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Eric Zavesky. A Guided, Low-Latency, and Relevance Propagation Framework for Interactive Multimedia Search. PhD Thesis Graduate School of Arts and Sciences, Columbia University, 2010.

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Advisor: Prof. Chang


This thesis investigates a number of problems associated with the efficient and engaging ways of executing a multi-level interactive multimedia search. These problems are of interest as the availability of multimedia sources, both professional and personal, continues to grow in tandeom with the need for users to search these libraries for consumable entertainment, captured personal memories, and automatically events with little or no forethought to manual indexing. Multimedia search refers to the retrieval of relevant content from databases containing multimedia documents. Interactive search means that a user is exploring a dynamic set of results according to parameters that he or she explicitly chose in response to a specific search topic. Multi-level search is the full utilization of a user's interaction with a system to not only provide explicitly requested results, but also to observe a user's preferences and implicitly personalize those results with only interactions the user has already performed. The goal of this thesis is to develop a framework that both guides the user through his or her search process by providing dynamic suggestions and information from automatic algorithms while simultaneously leveraging cues observed during the search process to provide a customized set of results that most precisely matches the user's search target. Upon achieving this goal, the system is aiding the user through both explicit interaction and subsequent result personalization from implicit search choices. A prototype of the proposed system, called CuZero, has been implemented and evaluated across multiple challenging databases to discover new search techniques previously unavailable. Addressing problems in traditional query formulation, a system that interactively guides the user is proposed. While previous works allow a user to specify different modalities for a multimedia search like textual keywords and image examples, this work also introduces a large library of 374 semantic concepts. Semantic concepts use pre-trained visual models to bridge the gap in perception between what a machine computes for a multimedia document and what a user can do with that computation. For example, a user need only utilize the concept \crowd" to return content containing large numbers of people attending a basketball tournament, a political protest, or an exclusive fashion show. Building on the familiar technique of text entry (typing in text keywords), the system returns a small subset of dynamically suggested concepts from a lexical mapping and statistical expansion of the user's entered text. These suggestions both engage and inform the user about what the system has indexed with respect to the current query text. Additionally, the introduction of a unique query visualization panel allows the user to interactively include arbitrary modalities (text, images, concepts, etc.) in his or her query. Traditional trial-and-error search with these different query parameters is avoided because the system allows the user to visually arrange his or her query according to personal intuitions about the search topic. Finally, while formulating the query, time otherwise lost while the user is thinking is utilized simultaneously evaluate and load results for the current query at-hand. After a query is formulated during a guided and informative process, the formulation panel is subsequently utilized for query navigation, allowing the user to instantly review numerous query permutations with no perceived latency. With the intuitive mantra \closer to something is more like it", the user is prepared to instantly change the weights of the various parameters in his or her query. To accommodate this exibility, previous systems in interactive search resorted to burdening the user with a secondary query specification stage to tweak individual modality weights. However, the proposed approach to result browsing allows the user to navigate the query and result space in parallel, spanning a wide breadth of query permutations or a deep result depth for any one query permutation. Another classic barrier in multimedia search is the sensible inclusion of new search modalities; if no longer constrained to color or text cues, how can one include motion, audio, and local object similarity that has no textual correspondence? Fortunately, the proposed query navigation panel was created in such a way that any modalities developed in the future can be included with no additional algorithmic changes. This exibility is best exemple-based during the result browsing process, where a user can include another image for example-based search or a personalized snapshot of seen results into the query to quickly hone in on desirable results. A final proposal in this work is a scalable and real-time result personalization technique. One of the fastest ways to help a search system identify results relevant to a user's search topic is to explicitly solicit a user's preference. With interactive systems, this usually means interrupting the result browsing process and asking the user whether they like a particular result. While numerous methods for this type of relevance feedback have been proposed, they all currently trade performance for speed. Typically this problem is due to the scale of the database in question and the number of results required for a system to eliminate confusion about the user's search target. On one end of this spectrum, supervised learning techniques can scale to process millions of results but also require a large number of labels. On the other end, graph-based semi-supervised techniques have been able to achieve promising performance with only a handful of labels, but the time to construct a graph is unacceptable for real-time scenarios. In this work, state-of-the-art graph-based label propagation is aided by data approximation techniques, in a proposed algorithm that is able to achieve higher accuracy in only a small fraction of the computation time when evaluated on a standard benchmark dataset. Using the real-time implementation of this technique, user search results can be personalized without the need to solicit result preferences en mass. The specific contributions of this thesis are as follows. (1) A new system for query formulation, traditionally relegated to static, non-informative interfaces, is proposed that keeps the user engaged in the process and dynamically proposes query suggestions based on knowledge from the system. (2) A technique for visual query space navigation is proposed that allows an intuitive exploration of several query permutations with no additional latency from the explicit, real-time manipulation of modality weights. (3) Utilizing a proposed hybrid of graph-based label propagation and data approximation techniques, user search results are personalized in real-time using implicit user preferences. These proposals are included in a prototype system called CuZero that is evaluated to produce unique search opportunities unavailable to existing multimodal search systems.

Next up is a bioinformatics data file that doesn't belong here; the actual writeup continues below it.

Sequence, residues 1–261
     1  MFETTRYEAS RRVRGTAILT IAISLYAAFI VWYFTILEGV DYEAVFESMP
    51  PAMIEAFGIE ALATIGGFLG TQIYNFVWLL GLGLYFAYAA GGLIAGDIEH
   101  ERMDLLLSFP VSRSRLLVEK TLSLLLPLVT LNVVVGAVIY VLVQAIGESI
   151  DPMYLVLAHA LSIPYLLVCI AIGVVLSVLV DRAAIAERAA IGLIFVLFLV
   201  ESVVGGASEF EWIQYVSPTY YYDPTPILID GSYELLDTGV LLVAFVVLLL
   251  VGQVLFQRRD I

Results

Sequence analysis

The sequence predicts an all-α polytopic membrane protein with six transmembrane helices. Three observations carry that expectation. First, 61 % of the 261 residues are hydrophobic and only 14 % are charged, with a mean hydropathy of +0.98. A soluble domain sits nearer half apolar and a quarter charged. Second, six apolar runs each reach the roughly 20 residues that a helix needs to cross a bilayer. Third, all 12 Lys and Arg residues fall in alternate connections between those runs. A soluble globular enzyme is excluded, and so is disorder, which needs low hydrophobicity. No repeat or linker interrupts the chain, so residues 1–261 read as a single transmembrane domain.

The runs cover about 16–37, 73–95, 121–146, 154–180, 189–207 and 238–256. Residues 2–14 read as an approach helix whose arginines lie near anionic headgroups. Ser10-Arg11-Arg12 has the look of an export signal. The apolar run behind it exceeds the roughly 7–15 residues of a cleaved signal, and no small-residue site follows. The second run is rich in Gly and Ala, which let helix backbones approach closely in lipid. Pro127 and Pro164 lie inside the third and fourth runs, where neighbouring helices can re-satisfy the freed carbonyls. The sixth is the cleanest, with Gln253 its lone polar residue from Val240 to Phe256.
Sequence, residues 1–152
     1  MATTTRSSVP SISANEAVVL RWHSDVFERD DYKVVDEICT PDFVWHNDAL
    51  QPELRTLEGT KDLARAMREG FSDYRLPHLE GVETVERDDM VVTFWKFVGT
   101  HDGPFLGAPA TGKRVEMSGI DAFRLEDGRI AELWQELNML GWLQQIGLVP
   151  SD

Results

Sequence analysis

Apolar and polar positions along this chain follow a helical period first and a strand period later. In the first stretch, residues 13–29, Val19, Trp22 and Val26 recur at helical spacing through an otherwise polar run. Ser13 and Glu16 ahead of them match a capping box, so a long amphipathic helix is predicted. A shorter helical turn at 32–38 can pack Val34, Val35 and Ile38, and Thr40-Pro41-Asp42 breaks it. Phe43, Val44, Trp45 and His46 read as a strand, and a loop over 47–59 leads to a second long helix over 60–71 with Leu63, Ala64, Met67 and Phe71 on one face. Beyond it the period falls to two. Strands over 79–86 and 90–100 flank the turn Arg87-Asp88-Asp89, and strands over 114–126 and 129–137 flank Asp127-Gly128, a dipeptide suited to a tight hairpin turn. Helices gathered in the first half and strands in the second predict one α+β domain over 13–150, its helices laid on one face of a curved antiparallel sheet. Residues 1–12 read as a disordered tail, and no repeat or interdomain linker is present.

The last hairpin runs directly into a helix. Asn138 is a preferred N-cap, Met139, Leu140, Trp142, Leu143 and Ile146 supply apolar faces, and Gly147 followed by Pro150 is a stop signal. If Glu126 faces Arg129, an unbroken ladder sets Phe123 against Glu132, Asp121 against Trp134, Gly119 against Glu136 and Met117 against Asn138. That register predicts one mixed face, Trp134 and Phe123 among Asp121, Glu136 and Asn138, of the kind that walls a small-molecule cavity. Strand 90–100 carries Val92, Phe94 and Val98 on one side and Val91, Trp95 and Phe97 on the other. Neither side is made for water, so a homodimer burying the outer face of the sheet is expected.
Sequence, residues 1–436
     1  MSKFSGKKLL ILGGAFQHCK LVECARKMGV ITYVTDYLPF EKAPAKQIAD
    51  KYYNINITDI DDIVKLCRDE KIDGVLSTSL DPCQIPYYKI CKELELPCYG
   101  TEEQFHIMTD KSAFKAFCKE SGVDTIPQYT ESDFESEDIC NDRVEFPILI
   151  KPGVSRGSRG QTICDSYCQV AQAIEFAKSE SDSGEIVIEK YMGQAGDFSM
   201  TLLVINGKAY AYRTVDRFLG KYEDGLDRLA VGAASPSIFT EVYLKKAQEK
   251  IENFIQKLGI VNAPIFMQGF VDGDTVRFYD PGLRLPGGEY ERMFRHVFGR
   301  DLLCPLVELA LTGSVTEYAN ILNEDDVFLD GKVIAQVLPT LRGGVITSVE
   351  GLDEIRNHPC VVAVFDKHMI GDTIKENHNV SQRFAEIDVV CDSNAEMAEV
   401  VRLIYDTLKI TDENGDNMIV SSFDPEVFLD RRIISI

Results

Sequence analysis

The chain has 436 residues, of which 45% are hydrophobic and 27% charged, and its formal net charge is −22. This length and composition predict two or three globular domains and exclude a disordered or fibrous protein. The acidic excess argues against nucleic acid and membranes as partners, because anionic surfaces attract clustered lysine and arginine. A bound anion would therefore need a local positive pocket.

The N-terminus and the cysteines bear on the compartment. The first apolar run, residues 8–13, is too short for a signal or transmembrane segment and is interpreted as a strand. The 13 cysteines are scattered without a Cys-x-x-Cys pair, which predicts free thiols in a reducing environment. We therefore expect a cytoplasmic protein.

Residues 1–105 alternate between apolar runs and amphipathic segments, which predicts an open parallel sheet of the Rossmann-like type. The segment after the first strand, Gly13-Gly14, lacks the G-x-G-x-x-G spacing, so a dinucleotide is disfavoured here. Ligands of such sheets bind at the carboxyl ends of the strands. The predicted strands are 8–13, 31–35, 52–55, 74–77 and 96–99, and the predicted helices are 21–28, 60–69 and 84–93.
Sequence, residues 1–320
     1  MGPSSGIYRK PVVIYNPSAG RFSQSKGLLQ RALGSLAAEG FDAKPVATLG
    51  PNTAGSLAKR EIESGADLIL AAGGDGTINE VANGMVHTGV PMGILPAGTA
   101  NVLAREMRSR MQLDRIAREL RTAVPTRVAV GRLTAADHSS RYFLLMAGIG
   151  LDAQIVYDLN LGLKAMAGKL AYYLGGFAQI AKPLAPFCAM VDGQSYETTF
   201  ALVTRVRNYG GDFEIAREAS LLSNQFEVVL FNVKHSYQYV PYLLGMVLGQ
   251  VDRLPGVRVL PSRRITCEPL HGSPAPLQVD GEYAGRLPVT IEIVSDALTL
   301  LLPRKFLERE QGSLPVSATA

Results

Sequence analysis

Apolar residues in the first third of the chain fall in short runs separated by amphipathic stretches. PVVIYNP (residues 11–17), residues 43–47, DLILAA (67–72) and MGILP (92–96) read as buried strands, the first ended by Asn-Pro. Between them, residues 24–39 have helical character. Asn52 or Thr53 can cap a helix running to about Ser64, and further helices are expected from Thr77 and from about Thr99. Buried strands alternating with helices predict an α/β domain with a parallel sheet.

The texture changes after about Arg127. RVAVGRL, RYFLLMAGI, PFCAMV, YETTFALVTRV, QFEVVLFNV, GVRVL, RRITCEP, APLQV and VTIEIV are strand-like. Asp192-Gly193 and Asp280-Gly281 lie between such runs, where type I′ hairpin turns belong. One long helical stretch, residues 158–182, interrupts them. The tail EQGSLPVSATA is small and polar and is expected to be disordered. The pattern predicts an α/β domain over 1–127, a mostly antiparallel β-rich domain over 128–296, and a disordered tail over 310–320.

Eric Zavesky

BibTex Reference

   Author = {Zavesky, Eric},
   Title = {A Guided, Low-Latency, and Relevance Propagation Framework for Interactive Multimedia Search},
   School = {Graduate School of Arts and Sciences, Columbia University},
   Year = {2010}